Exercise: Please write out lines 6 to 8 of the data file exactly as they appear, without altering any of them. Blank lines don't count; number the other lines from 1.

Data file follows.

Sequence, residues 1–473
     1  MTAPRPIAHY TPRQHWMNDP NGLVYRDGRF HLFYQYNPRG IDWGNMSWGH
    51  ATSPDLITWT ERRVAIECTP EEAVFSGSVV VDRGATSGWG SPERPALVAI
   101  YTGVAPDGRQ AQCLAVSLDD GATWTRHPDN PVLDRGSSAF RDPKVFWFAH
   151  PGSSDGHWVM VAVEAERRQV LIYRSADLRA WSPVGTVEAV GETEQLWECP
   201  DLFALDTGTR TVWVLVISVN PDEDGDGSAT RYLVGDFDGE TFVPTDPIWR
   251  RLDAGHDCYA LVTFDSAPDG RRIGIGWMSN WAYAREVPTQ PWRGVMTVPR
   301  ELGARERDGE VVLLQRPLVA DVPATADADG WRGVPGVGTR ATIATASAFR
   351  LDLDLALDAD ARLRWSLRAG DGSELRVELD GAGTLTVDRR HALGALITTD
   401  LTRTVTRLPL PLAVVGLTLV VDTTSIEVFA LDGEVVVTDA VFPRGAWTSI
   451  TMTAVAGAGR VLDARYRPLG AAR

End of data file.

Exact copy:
   201  DLFALDTGTR TVWVLVISVN PDEDGDGSAT RYLVGDFDGE TFVPTDPIWR
   251  RLDAGHDCYA LVTFDSAPDG RRIGIGWMSN WAYAREVPTQ PWRGVMTVPR
   301  ELGARERDGE VVLLQRPLVA DVPATADADG WRGVPGVGTR ATIATASAFR